Sylvia: Poets responded enthusiastically and we shared a chain of poems by luminaries such as J. Patrick Lewis, X. J. Kennedy, Lee Bennett Hopkins, Joyce Sidman, Marilyn Singer, Alice Schertle, Pat Mora, Naomi Shihab Nye, Helen Frost, and Nikki Grimes, among others. The success of that first round of Poetry Tag inspired Janet and me to take this idea one step further and envision a book version of Poetry Tag for kids that would be electronic only—completely innovative and ground breaking.
Wordswimmer: How did you decide who to invite as contributors?
Sylvia: That was actually pretty easy. We made a list of poets we knew whom we thought might want to participate and started asking. Nearly everyone said yes right away. We got a few no’s—due to scheduling conflicts and whatnot, but everyone was kind and supportive.
Janet: The hardest part was that we had too many YES responses! There were a number of poets who we would’ve loved to have invited for the first round, but we decided to “save” them for future books where they could show off their special talents; for instance, we reserved many poets for our teen anthology (entitled p*tag, an eBook coming in October--in time for Teen Read Week).
Wordswimmer: Did you or the poets decide on the order of tagging? How did you determine order?
Sylvia: We had a set list of poets who agreed to participate (thirty-- to promote the one-poem-a-day notion of National Poetry Month). Some poets had some scheduling constraints which we tried to accommodate. So, we usually gave a poet a choice of 3-5 names from which to select.
Wordswimmer: Was there much revision or editing as part of the process?
Janet: What little editing took place was mainly copyediting (pointing out typos), but we did have one exciting exchange with David L. Harrison, who had written a clever but sad poem about the sexual single-mindedness of a drone. Since the ideal age range for this book is 8 and under, we asked if he might consider a slight revision. Being ever the gentleman and quite an efficient poet, he quickly and graciously provided a revised poem. I’m hoping that he uses the original poem in one of his books, though, as I liked it very much; besides, the life of a drone is sad!
Wordswimmer: Why did you decide on e-book rather than traditional publishing?
Sylvia: I think that was Janet’s idea. And quite honestly, I was more interested in trying something brand new—like e-publishing.
Janet: I wanted to be able to offer an affordable—actually, a downright cheap—anthology to teachers on a budget, to make poetry an “impulse buy,” and given the costs of printing and warehousing regular books, I knew that an eBook was the only way.
Wordswimmer: Any chance of it becoming a traditional book?
Sylvia: Nope. Although I can see kids and classes printing a copy and making it their own with original art. That would be fun!
Wordswimmer: Do you envision a sequel, possibly a tag series?
Janet: We're working now on a sequel for teens, called p*tag. So far, p*tag is shaping up to be an amazing book: Marilyn Singer starts it off with a reverso, the form she invented for Mirror, Mirror; Betsy Franco follows with a poem filled with piercings; Allan Wolf burps up kittens; and Naomi Shihab Nye muses about buckets of wind and worry. J. Patrick Lewis, Joyce Sidman, Lee Bennett Hopkins, Helen Frost, Margarita Engle, Arnold and Jaime Adoff and twenty others still have poems to come. And I think it will be even more special than PoetryTagTime because Sylvia photo-illustrated it!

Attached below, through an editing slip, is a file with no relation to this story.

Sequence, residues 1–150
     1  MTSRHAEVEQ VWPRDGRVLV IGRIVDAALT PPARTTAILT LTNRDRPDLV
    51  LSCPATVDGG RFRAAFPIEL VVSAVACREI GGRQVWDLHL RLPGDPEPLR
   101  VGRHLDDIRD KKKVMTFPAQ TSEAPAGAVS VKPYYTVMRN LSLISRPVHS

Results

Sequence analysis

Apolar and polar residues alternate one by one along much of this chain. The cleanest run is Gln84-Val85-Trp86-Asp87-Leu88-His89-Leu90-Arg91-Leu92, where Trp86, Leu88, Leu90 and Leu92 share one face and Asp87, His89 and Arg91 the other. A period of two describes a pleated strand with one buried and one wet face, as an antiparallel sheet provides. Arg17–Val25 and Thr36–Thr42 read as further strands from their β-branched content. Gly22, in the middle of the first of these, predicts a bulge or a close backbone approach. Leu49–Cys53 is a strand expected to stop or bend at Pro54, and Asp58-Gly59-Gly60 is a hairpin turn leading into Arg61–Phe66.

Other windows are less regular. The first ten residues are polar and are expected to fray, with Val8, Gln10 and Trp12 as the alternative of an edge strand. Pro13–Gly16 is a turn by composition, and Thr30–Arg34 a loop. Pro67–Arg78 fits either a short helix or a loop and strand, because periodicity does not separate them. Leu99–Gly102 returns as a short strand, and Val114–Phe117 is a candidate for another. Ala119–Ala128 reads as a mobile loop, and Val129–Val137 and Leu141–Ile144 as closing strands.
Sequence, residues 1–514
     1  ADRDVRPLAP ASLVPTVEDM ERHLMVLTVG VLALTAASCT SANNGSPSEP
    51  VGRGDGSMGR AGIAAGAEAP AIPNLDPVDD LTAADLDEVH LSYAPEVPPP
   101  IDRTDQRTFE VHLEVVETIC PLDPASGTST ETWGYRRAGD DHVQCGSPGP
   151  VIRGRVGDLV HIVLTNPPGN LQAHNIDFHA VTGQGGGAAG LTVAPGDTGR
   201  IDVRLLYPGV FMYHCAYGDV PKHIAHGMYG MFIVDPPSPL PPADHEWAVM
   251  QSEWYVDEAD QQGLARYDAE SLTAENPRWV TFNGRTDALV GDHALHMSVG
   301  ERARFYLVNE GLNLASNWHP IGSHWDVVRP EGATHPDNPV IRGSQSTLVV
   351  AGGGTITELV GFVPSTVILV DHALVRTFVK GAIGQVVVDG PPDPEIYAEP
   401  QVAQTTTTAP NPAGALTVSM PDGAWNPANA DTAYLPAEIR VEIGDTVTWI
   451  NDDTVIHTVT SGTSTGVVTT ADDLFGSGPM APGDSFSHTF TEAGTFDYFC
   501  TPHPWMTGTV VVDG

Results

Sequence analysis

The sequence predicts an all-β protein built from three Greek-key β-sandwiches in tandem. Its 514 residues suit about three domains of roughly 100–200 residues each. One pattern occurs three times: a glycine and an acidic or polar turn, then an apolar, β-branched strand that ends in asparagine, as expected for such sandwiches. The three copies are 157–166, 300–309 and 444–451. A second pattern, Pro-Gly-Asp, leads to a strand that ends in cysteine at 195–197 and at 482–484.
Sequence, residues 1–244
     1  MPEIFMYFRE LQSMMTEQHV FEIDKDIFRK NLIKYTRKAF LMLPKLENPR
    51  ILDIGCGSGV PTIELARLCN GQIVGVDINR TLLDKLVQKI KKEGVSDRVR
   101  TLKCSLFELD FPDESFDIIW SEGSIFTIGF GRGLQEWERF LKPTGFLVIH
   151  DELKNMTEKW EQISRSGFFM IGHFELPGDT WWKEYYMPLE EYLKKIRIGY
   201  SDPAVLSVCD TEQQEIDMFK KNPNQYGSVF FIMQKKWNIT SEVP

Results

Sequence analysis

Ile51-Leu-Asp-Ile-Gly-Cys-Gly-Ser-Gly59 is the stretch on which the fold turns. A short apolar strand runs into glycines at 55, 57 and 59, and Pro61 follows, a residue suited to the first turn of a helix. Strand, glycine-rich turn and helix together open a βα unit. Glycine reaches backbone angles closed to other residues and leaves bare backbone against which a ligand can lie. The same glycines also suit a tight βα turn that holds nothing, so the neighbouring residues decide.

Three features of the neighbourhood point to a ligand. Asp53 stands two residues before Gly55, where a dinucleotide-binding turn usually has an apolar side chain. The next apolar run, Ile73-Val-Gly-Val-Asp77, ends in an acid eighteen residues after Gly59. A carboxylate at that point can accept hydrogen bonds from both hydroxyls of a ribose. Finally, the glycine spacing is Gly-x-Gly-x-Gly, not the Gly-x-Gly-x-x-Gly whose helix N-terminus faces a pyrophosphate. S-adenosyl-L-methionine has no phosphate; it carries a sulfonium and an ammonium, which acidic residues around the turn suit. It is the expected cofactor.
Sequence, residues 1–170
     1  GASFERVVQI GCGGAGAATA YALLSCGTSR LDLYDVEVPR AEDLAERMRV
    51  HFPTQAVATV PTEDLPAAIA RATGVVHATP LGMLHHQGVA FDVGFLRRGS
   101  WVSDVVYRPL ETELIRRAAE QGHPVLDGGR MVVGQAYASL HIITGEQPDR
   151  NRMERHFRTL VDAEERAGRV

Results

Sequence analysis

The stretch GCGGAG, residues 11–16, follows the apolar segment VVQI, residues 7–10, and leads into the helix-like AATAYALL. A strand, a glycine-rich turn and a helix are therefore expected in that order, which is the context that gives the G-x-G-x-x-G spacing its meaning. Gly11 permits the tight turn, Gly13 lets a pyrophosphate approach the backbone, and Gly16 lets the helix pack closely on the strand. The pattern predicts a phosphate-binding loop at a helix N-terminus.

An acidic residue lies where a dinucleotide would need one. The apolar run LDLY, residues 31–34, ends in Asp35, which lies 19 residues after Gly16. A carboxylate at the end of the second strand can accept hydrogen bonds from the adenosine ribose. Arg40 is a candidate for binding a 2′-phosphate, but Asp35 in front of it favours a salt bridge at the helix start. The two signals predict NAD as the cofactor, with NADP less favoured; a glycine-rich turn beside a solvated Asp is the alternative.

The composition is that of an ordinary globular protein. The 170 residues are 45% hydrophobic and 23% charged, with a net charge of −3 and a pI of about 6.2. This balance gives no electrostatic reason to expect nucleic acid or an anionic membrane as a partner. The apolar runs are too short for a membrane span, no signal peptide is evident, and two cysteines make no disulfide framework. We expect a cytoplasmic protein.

Sylvia: Yes, there are two really different things about p*tag, our teen anthology. First, there are photographs (which I took). Each poet chooses a photo and writes his or her prose connection and his/her poem about whatever that photo inspired. The connection between the photo and the poem isn't always obvious; for instance, Allan wrote about a pregnant cat outside a teahouse in Shanghai because the mass of parked bicycles in the photo reminded him of his visit to China. The second difference in this book is that each poet needs to connect to the previous poem by using three words from it; that provides the "tag" aspect.
Wordswimmer: Anything else you'd like to share?
Sylvia: We’ve been so pleased with the response and grateful to our poets and fans for their support. But we do wonder how to break into the wider world of Kindle (and other e-readers). It seems to me that we only found the poetry niche and we were hoping to draw more people into poetry by making it electronic—and cheap. That’s our biggest—and ongoing—challenge!
Janet: I’d love to see kids reading poetry on cell phones while they’re sitting in the back of the car, stuck with their parents in traffic. And reading poetry aloud from an e-reader for the whole family to enjoy. You don’t need a Kindle, Nook, or iPad to read an eBook. You can even download an eBook to a regular computer—and there are tons of free and inexpensive offerings, from classics to quirky indie-published books. Which leads me to this thought: I’d like to see more people doing indie publishing, writing those stories that their grandparents used to tell, filling the many small gaps in literature that exist because of the limitations of traditional publishing. This is an exciting time to be a writer—and a reader!
For more info about PoetryTagTime, visit: http://poetrytagtime.com/Poetry_Tag_Time/Welcome.html
For tips on writing your own poems, visit: http://poetrytagtime.blogspot.com/
For more info about Janet’s work, visit her website: http://www.janetwong.com/
For more about Sylvia’s work, check out her site: http://www.sylviavardell.com/